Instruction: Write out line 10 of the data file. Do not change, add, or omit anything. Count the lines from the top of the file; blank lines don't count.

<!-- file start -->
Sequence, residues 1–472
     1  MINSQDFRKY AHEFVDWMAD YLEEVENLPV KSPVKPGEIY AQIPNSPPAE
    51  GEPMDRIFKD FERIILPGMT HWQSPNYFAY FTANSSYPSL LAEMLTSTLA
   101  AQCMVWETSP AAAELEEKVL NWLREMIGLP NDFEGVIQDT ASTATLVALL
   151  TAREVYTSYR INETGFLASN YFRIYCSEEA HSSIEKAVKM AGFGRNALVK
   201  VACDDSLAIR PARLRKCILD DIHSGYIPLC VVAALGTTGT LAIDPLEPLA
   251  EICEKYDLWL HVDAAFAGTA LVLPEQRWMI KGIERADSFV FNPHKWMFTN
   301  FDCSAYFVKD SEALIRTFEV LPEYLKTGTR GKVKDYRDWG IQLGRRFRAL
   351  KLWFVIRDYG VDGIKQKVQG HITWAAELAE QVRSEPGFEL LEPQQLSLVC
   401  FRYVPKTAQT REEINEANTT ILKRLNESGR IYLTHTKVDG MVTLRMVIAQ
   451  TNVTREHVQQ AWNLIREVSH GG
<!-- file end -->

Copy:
   401  FRYVPKTAQT REEINEANTT ILKRLNESGR IYLTHTKVDG MVTLRMVIAQ